Perhaps Hydra-Tight thought that idea was not up to snuff either. It called in the ICE to appoint. Tony Elven, engineer, was appointed. Mowlem protested. Mowlem told Elven two things: that he should go away, and if he didn’t and it was eventually shown that he had no right to adjudicate, it would sue him for its costs. I bet he thought that this idea wasn’t up to snuff.
Now then, let me remind you about this jurisdiction business. There can be all sorts of reasons why the adjudicator has no right to be the referee on a particular contract, but the snag is that the adjudicator is not empowered to decide that “satellite” quarrel. It is reasonable for him to quit, if it is obvious and plain that he has no right to adjudicate. Mostly, though, the position is arguable, so he stays. Then, usually the parties press on with the substantive quarrel. The annoyed party that quarrelled with jurisdiction can await the outcome, and if ordered to do something can resist enforcement by telling the court that the decision of the referee is void since he had no right to be on the pitch.
In this case, Mowlem decided to be a bit less restrained. It went to court to stop Hydra-Tight. Meanwhile, Elven continued to be the referee. The case got to court just before Elven’s decision, and it decided that Elven was wrongly appointed; it should have been a barrister. The judge then issued an injunction to stop the adjudication.
But, what about Mowlem’s costs? Oh, it wanted all that cash either from Hydra-Tight or the adjudicator. This could easily be thousands of pounds. It so happens that the matter did not see the adjudicator in court because Mowlem and Hydra-Tight settled the whole affair privately.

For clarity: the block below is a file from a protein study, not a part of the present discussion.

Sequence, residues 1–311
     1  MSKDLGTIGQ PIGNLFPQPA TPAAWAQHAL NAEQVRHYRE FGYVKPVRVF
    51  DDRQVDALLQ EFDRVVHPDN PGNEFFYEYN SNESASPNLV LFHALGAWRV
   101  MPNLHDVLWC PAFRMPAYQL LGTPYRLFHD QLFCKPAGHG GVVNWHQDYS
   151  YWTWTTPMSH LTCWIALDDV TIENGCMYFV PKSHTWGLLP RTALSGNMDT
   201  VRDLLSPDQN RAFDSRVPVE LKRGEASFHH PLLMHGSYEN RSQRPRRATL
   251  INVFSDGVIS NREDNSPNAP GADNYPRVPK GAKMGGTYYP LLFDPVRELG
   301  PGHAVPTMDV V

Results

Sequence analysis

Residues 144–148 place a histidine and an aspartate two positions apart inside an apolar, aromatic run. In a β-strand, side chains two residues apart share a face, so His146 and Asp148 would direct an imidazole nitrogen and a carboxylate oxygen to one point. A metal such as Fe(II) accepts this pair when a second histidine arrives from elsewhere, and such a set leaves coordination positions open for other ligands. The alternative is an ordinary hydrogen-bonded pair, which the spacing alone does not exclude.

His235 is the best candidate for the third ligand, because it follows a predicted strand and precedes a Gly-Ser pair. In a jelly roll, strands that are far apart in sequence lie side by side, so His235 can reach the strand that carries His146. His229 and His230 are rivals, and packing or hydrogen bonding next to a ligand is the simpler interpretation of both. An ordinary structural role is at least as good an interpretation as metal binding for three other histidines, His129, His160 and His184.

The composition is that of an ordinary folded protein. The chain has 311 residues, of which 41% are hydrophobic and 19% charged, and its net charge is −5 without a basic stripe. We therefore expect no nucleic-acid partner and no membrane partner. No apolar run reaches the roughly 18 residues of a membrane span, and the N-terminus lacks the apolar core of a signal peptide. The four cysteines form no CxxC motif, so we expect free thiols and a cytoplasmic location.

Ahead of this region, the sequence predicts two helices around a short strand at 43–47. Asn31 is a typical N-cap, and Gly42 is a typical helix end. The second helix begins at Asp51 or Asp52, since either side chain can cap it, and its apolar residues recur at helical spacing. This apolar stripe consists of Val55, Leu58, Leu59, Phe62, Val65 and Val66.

If you think the referee has no right to be there, then jolly well sit back, relax, don’t participate – you can’t lose
The idea of suing the adjudicator, however, is a matter of some importance and I had a chat with the solicitor who was suing. First, what was the legal basis of the claim against the adjudicator? He could not sue in contract because Mowlem refused to agree that there was any right to adjudicate. So, he said he would sue in the tort of negligence; in other words, for a negligent misstatement. I have to admit that I struggle with that starting point: to get the complaint off the ground, there has to be a duty owed by Elven to take care of Mowlem. But as Mowlem has told him to push off, how can he owe a duty of care? And if a duty does arise, there has to be a loss to Mowlem, but the only loss to Mowlem is when it spends money playing adjudicators.
Why didn’t Mowlem just push off and stop playing? The reason is that adjudications have a commercial importance – so that the party who is certain that there is no adjudication still plays. That’s not convincing. The real answer is that if you think that this particular adjudication is a waste of time because the referee has no right to be there, then jolly well sit back, relax, don’t participate – you can’t lose. My word, that would take a huge amount of courage. Imagine how much egg would get stuck on your face if it were to turn out that the adjudicator did have jurisdiction. You would have refused to have taken part, but been wholly wrong to do so.
The reality is that jurisdiction quarrels are often quite sound. The answer is to arbitrate – yes arbitrate – the jurisdiction point. There are 10 people on a special panel at the RICS, each of whom is pledged to act within hours to decide jurisdiction points. In the case of Mowlem and Hydra-Tight, they could have come to a decision on the same day as jurisdiction became a quarrel. They needn’t have bothered the adjudicator at all. The reason is that these senior arbitrators always “trump” any adjudicator because an arbitrator has similar powers to the High Court judge.
Tony Bingham is a barrister and arbitrator specialising in construction.